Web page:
- The cop in Hana. Our rental car was at an angle on the roadside, with the hazard lights blinking, because I wanted to snap a picture of a cute little church. Two police cruisers pulled out from a side street. The first cop slowly passed by, barely noticing me. The second cop rolled down his window. I averted my head, and expected him to ask if something was wrong, or tell me to move on. Instead, he simply said “Hi.” Yeah, you heard right. A cop who said “Hi.”
- The traffic near Pukalani. I was at a red light, and I used the opportunity to prepare my camera for Haleakala. After a few moments, I glanced up and noticed the light was green, and the car in front was 50 yards ahead. But nobody behind me had honked! My Lonely Planet guidebook claimed that honking in Hawai’i is considered impolite, though I didn’t believe it until the Pukalani stoplight.
- The rental car employee at the airport. We were feeling down because our vacation was over. Time to fly home to chilly, grey, billboard-infested Ohio. We’d already changed into drab mainland clothes. Fumbling with our bulky baggage while digging for paperwork, we realized we were holding up things. Lynn apologized to the Alamo guy. Smiling the whole time, he said “Hey, take as long as you need! You’re still on island time!” We smiled back.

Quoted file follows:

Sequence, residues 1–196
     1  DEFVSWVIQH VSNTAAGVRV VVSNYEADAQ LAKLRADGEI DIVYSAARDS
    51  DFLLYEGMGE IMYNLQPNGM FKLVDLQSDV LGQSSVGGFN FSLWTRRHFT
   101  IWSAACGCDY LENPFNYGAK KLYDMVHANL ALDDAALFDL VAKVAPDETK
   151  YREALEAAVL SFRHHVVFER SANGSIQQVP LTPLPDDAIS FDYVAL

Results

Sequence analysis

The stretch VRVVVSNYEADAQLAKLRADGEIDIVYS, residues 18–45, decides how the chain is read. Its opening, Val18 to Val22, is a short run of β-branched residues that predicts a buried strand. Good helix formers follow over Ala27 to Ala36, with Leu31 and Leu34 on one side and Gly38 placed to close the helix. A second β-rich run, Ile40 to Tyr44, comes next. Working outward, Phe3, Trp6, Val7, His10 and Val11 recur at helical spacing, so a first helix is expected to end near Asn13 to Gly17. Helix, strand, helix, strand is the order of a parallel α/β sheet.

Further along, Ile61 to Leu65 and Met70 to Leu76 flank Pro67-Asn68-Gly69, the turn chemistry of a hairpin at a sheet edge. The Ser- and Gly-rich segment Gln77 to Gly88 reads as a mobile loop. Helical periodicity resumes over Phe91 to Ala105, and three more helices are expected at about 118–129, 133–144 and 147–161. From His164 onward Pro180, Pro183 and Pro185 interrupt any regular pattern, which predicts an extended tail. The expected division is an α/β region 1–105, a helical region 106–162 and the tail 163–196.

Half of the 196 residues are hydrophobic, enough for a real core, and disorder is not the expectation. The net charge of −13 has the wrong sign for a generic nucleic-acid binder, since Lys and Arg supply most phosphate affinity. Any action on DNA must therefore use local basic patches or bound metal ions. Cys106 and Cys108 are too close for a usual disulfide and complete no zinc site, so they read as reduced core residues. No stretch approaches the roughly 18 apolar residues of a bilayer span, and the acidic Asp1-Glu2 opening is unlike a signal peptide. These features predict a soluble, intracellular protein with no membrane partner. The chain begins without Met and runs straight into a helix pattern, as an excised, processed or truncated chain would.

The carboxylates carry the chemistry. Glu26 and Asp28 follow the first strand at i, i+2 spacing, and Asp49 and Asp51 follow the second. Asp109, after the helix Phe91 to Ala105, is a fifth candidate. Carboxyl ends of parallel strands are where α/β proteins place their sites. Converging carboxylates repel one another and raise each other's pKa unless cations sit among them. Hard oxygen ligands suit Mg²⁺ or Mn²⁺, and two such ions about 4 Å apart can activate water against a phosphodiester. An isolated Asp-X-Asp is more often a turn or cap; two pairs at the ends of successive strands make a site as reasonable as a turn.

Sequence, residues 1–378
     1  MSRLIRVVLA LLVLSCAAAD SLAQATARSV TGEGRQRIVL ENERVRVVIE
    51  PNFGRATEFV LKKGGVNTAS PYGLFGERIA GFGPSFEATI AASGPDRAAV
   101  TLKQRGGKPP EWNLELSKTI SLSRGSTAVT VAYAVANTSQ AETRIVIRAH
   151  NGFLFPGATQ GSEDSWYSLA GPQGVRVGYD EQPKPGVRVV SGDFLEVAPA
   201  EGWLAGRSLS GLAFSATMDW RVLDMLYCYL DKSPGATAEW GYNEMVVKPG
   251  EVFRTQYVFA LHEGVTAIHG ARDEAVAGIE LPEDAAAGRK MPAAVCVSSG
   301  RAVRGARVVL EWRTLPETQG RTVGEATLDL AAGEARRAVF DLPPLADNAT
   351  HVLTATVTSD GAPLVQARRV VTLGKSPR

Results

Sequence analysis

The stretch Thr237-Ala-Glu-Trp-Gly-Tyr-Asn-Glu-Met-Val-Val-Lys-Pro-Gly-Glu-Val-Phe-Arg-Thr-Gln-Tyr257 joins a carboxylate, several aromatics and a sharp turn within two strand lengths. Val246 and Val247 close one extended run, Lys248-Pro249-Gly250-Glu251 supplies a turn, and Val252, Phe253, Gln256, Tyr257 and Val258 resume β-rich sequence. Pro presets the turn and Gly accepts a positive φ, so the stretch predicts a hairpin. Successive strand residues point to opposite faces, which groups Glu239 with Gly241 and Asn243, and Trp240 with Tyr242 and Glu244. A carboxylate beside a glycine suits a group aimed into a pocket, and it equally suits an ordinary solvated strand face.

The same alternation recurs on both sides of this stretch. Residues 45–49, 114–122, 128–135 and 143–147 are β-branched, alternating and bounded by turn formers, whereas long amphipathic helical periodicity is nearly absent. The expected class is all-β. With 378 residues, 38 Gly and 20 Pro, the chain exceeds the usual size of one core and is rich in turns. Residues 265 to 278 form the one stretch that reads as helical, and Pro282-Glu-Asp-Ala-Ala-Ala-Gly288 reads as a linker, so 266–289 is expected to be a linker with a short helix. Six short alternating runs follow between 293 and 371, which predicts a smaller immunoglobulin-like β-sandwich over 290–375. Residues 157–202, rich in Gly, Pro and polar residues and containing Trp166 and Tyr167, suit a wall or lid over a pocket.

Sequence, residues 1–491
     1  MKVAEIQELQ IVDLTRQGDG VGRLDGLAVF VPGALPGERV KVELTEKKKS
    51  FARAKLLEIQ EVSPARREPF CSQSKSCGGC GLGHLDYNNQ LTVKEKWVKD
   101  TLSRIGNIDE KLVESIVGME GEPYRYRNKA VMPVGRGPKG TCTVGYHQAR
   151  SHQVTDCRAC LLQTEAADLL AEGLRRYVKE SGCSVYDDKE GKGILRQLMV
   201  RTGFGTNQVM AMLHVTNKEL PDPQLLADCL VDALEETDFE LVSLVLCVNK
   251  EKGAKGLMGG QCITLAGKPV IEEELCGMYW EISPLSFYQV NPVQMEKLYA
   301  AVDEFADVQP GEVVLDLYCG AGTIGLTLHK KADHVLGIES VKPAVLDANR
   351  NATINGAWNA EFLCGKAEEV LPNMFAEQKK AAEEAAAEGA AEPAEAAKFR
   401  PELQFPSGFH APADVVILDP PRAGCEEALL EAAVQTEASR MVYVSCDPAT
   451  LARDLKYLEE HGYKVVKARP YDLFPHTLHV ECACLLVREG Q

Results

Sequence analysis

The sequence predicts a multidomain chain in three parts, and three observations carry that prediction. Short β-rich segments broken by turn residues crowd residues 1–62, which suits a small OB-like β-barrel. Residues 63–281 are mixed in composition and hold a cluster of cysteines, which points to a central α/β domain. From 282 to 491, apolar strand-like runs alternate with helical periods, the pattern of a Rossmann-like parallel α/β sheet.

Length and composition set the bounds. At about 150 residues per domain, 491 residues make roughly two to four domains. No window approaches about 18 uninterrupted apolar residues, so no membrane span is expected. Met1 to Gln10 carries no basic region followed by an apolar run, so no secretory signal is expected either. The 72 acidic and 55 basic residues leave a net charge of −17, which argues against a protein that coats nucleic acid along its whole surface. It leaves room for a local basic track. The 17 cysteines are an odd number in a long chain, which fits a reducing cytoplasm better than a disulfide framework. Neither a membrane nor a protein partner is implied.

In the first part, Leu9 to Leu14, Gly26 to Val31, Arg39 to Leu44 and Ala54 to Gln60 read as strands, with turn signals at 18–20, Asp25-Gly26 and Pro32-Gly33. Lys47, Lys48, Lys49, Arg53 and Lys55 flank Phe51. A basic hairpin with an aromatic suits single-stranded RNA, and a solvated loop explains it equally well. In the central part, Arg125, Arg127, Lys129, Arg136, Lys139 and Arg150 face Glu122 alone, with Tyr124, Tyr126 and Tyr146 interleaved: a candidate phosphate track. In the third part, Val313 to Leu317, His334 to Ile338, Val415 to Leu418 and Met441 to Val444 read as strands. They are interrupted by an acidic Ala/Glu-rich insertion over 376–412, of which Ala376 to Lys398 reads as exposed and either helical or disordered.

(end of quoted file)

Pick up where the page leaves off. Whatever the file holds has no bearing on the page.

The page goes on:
I’m not naïve enough to think the Aloha spirit is foolproof. I’m sure there are exceptions. And Hawai’i hasn’t totally turned my personality from Tabasco sauce to pineapple juice. I was on vacation, and feeling good, so sweet-Pete may have been temporary. But after two weeks, it was obvious that Hawai’ians walk the Aloha talk, much more than U.S. mainlanders, and it felt like Aloha was starting to seep into me.
I was just joking about the GoFundMe page. But retirement in Hawai’i? Book it, Dan-O.
Until then, Mahalo (thank you), Maui, for a sweet vacation.